The sugar dissolves quickly in the syrup mixture but the extra cooking and steeping time give the prickly pear syrup the opportunity to really infuse with flavor and color.
Pro-Tips on straining the prickly pear syrup
You might think it’s overkill to strain the syrup twice, but here’s why I recommend it:
- The first strain removes most of the pulp and all of the seeds. The second strain removes the remaining gooey, pulpy layer that’s leftover.
- When you’re straining the prickly pear syrup the first time, you can stir the mixture to help the syrup pass through the mesh, but don’t press on it with your spoon as it can make the resulting simple syrup a little cloudy.
In order to give the syrup more depth and roundness, it needs some type of acidity. That’s where the citric acid comes in. Just a little bit makes all the difference in this prickly pear syrup recipe.
It gives the syrup a light tartness that actually enhances the flavor of the fruit and makes it something you want to taste over and over. Without it, the flavor is fairly bland.
After the prickly pear simple syrup is strained, just whisk in the citric acid. It dissolves almost instantly.
Where to find citric acid
You can find citric acid in most grocery stores. But depending on your market, you may need to look in a few different places.
The most obvious would be in the baking or canning aisle (citric acid helps balance the pH levels and acts as a preservative). You can also check in the Kosher section where it may be called “sour salt”.
Of course, when all else fails you can buy it online (affiliate link).
Swaps and substitutions
Yes. Use about 1 cup of the puree in the syrup recipe.
You can substitute lemon or lime juice (add it one tablespoon at a time and taste after each until you get it where you like). Keep in mind that lemons and limes have distinct flavors on their own, so you won’t get a true-tasting prickly pear syrup. The citric acid only adds tartness, not flavor.
This should keep for a month or more in a sealed jar when refrigerated.
Yes and this is a great way to enjoy the fruit all year round. Pour the simple syrup into ice cube trays to freeze. Remove the ice and transfer to a zip-top freezer bag. Take out one or two cubes when you need them. (Note: standard ice cube trays hold 2-3 tablespoons, per cube.)
What can I use prickly pear syrup for?
Obviously, you’ll want to use prickly pear syrup for drinks and cocktails. Look what happened when I added it to plain sparkling water (above).
That said, don’t feel constrained to use the vibrant simple syrup exclusively for beverages.
- Dress a dish of vanilla ice cream with a few spoonfuls of syrup.
- Make popsicles! Your kids will love them!
- Toss with fresh fruit (keep in mind, this syrup will turn any fruit a bright pink color).
- Stir into plain yogurt for breakfast with berries and granola.
- Use a little syrup to flavor (and color) a pan sauce for chicken or pork.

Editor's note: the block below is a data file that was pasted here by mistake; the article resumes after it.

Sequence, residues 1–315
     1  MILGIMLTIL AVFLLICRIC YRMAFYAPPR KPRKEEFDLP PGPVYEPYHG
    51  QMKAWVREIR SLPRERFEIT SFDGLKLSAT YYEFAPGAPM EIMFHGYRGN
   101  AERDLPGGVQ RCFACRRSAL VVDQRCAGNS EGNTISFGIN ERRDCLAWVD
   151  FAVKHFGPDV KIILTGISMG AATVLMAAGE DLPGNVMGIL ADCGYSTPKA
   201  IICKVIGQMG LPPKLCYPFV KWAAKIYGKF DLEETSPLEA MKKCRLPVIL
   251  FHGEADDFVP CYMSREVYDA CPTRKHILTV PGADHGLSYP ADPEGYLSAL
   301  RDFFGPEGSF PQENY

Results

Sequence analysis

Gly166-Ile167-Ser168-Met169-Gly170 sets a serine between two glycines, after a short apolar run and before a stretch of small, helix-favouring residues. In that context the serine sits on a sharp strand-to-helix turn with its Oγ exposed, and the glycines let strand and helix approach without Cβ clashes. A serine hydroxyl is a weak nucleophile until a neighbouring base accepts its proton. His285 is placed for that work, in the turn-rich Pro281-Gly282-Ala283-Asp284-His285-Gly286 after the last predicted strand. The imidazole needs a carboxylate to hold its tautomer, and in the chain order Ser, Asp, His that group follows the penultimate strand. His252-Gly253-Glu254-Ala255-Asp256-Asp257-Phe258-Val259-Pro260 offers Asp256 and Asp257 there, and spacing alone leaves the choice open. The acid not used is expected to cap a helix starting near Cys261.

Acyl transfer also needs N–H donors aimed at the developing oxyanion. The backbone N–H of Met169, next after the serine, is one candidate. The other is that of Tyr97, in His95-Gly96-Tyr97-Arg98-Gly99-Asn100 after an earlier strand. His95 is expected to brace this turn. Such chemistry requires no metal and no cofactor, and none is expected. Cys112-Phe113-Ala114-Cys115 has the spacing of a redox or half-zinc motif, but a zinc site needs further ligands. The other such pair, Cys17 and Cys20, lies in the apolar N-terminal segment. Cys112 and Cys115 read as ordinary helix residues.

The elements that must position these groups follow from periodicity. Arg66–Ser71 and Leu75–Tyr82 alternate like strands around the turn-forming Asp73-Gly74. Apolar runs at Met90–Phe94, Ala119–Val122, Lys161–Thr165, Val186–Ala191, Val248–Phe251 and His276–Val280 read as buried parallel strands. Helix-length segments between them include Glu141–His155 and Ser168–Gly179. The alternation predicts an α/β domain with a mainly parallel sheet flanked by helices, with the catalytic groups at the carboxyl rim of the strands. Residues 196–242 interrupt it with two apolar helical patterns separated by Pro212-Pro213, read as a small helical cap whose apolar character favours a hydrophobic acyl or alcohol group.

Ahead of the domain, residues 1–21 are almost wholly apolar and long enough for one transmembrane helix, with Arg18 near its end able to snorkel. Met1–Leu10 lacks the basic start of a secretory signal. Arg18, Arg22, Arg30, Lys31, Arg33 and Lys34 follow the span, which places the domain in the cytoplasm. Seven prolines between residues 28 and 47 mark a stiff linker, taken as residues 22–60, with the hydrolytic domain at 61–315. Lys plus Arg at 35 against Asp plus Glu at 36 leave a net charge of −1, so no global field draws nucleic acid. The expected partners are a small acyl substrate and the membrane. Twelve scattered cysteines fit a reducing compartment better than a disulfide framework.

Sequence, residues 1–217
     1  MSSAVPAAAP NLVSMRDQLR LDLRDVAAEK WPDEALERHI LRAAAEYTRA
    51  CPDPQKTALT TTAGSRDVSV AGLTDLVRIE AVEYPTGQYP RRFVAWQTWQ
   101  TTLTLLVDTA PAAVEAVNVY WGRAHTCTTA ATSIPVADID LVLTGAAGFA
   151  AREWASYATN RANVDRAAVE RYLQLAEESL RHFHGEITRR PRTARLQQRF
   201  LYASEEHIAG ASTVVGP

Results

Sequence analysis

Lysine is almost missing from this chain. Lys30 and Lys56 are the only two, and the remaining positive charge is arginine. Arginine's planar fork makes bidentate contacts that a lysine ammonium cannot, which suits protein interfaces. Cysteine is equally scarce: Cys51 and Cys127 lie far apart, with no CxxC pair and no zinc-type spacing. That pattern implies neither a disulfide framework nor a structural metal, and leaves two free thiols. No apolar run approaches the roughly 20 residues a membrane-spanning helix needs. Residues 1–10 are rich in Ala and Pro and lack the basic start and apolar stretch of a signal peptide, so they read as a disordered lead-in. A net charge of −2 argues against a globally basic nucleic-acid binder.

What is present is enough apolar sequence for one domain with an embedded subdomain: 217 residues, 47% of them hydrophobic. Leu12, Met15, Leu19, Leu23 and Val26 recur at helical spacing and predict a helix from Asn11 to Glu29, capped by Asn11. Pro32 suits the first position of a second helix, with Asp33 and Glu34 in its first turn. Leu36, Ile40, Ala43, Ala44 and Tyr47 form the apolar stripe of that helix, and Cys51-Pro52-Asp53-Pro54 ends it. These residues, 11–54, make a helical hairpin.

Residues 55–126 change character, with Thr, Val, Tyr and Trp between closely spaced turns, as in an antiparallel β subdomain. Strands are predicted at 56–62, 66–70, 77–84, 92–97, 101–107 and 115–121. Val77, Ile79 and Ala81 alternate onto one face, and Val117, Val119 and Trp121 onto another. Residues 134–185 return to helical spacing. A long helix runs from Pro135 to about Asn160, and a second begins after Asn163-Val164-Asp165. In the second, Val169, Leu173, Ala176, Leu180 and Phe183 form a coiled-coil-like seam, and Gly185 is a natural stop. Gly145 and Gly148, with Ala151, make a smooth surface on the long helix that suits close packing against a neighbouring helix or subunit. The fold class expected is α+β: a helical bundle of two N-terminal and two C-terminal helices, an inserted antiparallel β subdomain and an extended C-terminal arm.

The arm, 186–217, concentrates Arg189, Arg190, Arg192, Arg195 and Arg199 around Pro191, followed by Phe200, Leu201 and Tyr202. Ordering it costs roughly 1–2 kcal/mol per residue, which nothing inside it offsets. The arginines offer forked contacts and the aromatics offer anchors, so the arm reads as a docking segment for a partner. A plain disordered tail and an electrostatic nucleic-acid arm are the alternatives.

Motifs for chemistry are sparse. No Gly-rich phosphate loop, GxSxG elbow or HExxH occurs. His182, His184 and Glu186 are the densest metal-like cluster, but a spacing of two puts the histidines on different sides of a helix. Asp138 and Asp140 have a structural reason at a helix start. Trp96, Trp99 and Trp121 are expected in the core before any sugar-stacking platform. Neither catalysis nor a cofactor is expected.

- Use prickly pear syrup to make a sorbet or ice cream.
- Get creative and use it for Halloween with the glaringly bright color (and tag me @garlicandzest if you do).
The possibilities are endless.
More simple syrup recipes you’ll love:
- Tropical Mango Syrup
- Homemade Pumpkin Spice Syrup
- Fresh Peach Simple Syrup
- Passion Fruit Syrup
- Guava Vanilla Simple Syrup
- Rhubarb Ginger Simple Syrup
- Honey-Thyme Simple Syrup
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Prickly Pear Syrup
- potato masher
- mesh strainer
- fine mesh strainer or cheese cloth
- 1 ½ pounds prickly pears about 6-7
- 1 cup sugar
- 1 ½ cups water
- 1 ½ teaspoons citric acid or 2 tablespoons lemon or lime juice (or to taste).
- Slice the prickly pears in half lengthwise and scoop out the seedy pulp. Transfer to a saucepan.
- Use the potato masher to mash the pulp and seeds together, then add the sugar and water. Bring to a boil. Lower the heat to a low simmer and cook for 15 minutes or until the sugar is dissolved and the mixture is syrupy. Remove from heat and let the prickly pear steep and cool for another 15 to 20 minutes.
- Place the mesh strainer (the ones with the larger holes) over a bowl or glass measuring cup that will hold all of the syrup. Pour the warm prickly pear syrup through the strainer. You can stir the pulp, to get the last bit of syrup to go through, but don't press on the seeds. You want to keep the syrup as clear as possible.
- Place the fine mesh strainer over another glass measuring cup or bowl and strain the prickly pear syrup again, this will remove any final sediment.
- Add 1 teaspoon citric acid and whisk to combine. Taste for the flavor. If you think it needs more citric acid, add another 1/4 to 1/2 teaspoon until it's the way you like it.
- Store the prickly pear simple syrup in a glass jar with a tight fitting lid in the refrigerator. It should last for a month in the refrigerator.
does it stain your teeth ~clothes ~counter tops like pomegranates do ? looks so refreshing
You’d think it would, but no.